‘Shadow and Bone’: Fantasy adaptation done right
With the demise of Game of Thrones, Netflix seems best poised to offer a replacement—with The Witcher gearing for a second season and now Shadow and Bone taking the internet by storm after premiering on April 23, 2021.Announced in 2019, the series was to combine into one seamless story, the Grisha Trilogy novels with those of the Six of Crows series. Fantasy is notoriously hard to adapt well, especially ones with complex world-building like the Grishaverse, but author Leigh Bardugos's inclusion in the creative process as executive producer meant that the changes in the show were, in a way, rewrites of the original stories while remaining true to their essence—a rarity in adaptations.
Shadow and Bone is set in Ravka, a fantasy version of Russia, which is split in two by the Shadow Fold—a large strip of darkness inhabited by nightmare creatures, all created by a "Shadow Summoner" of long ago. The only hope to destroy the Shadow Fold is the legendary Sun Summoner. Being a classic "chosen one" hero's tale, we find our protagonist Alina Starkov discovering that she is the Sun Summoner of legend, and being recruited into the Grisha—this worlds' mage—army, and trained to destroy the Fold. As word gets out of her existence, the gang from the Six of Crows books are hired to kidnap her, thus bridging the two originally distinct series.
The entire cast of the adaptation is excellent, and their on-screen chemistry is downright combustible. This is especially true of Alina and her best friend/love interest Mal, whose on screen chemistry forms the emotional core of the story, and the Crows, whose scenes have a momentum to them that is reminiscent of heist classics like Ocean's Eleven (2001). Characters like Jesper, Inej, and even the side characters Zoya, Mikhal, Dubrov, and Ivan are all portrayed with a depth and nuance that truly bring life to the show.
But Shadow and Bone would not be an adaptation if it did not have some very prominent changes from its source material. In most cases, these changes serve it very well—and most were made by Bardugo herself, or with her permission. Changes like Alina now being mixed race help flesh out the politics of the world, and explore the racism within the world without being too blunt. Her relationship with Mal, too, who is no longer the womaniser he is in the books, finds room to breathe and grow, helped by the changing viewpoints of the screenplay. And the years added to each character's age allows the series to explore darker themes, like abuse, corruption, propaganda, manipulation, and human trafficking without breaking audience immersion or pulling punches, as is the case with too many YA adaptations.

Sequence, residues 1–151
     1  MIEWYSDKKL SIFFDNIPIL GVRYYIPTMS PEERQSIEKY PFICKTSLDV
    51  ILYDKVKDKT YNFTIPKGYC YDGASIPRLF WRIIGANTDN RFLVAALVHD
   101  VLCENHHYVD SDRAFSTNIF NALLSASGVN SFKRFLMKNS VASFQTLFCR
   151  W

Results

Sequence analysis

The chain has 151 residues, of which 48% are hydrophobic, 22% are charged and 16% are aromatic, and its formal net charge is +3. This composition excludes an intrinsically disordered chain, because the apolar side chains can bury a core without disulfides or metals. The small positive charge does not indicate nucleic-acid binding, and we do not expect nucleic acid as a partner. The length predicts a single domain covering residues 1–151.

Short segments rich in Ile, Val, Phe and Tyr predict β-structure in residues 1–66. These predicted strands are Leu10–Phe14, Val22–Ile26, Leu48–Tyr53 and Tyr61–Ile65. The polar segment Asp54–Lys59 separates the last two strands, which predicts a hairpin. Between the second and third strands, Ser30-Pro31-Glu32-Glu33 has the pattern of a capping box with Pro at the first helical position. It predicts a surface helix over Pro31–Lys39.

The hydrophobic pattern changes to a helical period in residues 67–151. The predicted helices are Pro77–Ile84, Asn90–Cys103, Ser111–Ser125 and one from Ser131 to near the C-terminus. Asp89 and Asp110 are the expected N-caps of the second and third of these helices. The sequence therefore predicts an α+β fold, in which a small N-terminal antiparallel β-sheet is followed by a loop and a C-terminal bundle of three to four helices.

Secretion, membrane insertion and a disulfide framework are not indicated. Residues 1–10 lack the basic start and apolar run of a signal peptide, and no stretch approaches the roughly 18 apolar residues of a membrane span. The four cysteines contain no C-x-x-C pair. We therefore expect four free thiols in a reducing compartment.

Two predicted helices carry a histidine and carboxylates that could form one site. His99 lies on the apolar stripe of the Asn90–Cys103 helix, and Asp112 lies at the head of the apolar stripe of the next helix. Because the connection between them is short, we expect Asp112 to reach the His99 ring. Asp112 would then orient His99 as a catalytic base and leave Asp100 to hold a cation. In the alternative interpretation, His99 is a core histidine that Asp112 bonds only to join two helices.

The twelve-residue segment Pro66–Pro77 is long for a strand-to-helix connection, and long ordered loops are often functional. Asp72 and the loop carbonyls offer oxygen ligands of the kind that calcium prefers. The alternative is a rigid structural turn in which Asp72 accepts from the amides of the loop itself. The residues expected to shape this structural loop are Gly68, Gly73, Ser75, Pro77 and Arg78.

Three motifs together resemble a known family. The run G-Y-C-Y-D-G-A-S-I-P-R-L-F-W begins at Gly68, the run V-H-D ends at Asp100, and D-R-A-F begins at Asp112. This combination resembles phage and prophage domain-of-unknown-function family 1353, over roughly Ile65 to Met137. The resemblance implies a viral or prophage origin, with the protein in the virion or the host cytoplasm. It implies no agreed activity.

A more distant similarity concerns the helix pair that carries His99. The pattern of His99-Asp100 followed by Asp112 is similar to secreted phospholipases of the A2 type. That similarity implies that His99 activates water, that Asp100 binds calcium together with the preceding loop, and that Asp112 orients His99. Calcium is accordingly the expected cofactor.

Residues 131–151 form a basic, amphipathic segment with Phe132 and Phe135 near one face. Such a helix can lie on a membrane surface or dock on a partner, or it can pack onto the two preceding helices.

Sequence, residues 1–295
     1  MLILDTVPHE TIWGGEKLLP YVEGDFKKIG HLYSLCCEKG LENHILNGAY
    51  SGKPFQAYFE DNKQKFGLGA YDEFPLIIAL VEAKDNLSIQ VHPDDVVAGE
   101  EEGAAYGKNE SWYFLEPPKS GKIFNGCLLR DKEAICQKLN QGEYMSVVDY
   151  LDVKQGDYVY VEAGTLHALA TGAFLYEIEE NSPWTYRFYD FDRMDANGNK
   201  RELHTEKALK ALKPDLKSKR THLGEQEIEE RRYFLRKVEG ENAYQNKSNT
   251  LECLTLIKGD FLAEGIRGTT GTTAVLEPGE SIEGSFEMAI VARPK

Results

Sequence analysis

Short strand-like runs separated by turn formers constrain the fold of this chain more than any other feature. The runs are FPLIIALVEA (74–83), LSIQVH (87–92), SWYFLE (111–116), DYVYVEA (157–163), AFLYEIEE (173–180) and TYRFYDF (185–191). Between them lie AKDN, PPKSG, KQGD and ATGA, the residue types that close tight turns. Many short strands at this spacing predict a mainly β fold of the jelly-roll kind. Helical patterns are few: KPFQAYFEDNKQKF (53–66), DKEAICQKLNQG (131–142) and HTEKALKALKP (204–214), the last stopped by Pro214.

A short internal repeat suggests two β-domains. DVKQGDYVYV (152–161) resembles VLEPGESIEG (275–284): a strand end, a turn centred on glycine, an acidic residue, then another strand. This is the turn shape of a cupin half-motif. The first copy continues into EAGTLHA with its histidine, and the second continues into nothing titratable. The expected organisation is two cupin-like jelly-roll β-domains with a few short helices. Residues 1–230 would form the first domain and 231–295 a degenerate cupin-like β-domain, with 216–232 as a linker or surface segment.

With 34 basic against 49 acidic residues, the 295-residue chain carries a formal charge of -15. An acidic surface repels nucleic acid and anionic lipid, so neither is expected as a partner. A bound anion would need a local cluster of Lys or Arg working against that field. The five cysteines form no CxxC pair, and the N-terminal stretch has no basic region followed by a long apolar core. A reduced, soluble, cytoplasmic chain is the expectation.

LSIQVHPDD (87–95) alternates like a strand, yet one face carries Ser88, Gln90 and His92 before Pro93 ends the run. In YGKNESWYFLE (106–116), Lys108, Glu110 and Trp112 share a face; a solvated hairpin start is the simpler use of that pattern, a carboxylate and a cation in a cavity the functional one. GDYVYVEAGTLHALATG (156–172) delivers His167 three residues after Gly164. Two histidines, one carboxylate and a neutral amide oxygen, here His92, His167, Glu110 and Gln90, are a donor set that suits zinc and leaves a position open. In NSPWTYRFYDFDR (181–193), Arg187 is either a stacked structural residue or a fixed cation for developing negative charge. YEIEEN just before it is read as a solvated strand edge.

The changes that disappoint are the alterations made to the world building to make the story flow better on TV, a lot of which could potentially weaken the plot in later seasons. While Alina's story sticks to the books for most major plot points, the Six of Crows group are given a new prequel story, set before the events of their first book. Sadly—and this might come across as a spoiler—tying the two stories together via Alina means the Crows' heist was doomed to fail from page one, thus robbing it of any tension or gravitas, especially for the book's readers. A fair number of things are also left unexplained or unexplored in the series, which may leave viewers who have not read the books, confused.
That said, Shadow and Bone is an ambitious adaptation of Leigh Bardugo's beloved series, and for the most part, it hits all the notes it needs to to be a success. Brilliant production, animation, costume design, and set direction, combined with a stellar cast with electrifying on-screen chemistry, serve to compensate for any lacking that comes with merging two non-connected series into one. It is a rambunctious ride from start to finish, and a great binge for any lover of fantasy.
Yaameen Al-Muttaqi works with robots and writes stories of dragons, magic, friendship, and hope. Send him a raven at firstname.lastname@example.org.